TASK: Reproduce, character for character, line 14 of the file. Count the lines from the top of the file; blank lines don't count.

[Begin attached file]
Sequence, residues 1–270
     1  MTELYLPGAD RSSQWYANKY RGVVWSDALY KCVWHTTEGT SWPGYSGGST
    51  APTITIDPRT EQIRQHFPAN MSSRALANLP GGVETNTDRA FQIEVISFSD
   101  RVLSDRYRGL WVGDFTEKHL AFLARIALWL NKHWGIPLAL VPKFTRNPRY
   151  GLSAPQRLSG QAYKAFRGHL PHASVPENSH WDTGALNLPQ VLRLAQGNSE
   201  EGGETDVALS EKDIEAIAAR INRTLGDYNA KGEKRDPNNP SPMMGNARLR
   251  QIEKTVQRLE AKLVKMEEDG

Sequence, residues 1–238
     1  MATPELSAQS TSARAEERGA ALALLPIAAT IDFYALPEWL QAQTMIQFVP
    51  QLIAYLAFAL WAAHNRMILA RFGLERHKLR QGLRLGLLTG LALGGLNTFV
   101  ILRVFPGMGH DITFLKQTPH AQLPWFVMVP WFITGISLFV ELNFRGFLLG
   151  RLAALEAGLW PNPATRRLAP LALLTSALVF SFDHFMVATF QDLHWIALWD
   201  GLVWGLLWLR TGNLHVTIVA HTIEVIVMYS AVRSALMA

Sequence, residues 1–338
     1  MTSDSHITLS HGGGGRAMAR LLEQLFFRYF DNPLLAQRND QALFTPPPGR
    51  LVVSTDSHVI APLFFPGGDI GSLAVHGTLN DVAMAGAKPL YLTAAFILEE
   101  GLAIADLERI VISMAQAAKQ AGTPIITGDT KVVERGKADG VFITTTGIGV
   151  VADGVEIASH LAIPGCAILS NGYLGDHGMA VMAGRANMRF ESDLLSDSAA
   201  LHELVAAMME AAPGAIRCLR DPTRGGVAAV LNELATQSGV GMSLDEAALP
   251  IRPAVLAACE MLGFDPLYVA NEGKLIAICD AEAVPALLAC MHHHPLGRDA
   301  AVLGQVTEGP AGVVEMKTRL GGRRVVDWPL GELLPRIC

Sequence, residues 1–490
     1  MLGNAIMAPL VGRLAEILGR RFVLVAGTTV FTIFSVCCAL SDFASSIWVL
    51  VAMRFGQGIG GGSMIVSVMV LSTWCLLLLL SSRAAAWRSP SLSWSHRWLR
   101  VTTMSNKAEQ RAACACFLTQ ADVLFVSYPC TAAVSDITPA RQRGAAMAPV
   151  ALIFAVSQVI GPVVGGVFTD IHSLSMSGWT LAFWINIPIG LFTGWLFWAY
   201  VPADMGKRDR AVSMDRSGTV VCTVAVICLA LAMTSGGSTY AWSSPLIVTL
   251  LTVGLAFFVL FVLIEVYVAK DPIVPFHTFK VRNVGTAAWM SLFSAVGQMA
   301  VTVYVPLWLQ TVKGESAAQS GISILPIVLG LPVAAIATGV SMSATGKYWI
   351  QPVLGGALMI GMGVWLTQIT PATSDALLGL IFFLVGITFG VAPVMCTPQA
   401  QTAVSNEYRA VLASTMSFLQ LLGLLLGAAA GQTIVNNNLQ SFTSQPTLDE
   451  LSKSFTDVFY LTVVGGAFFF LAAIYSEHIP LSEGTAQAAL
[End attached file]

Sequence, residues 1–338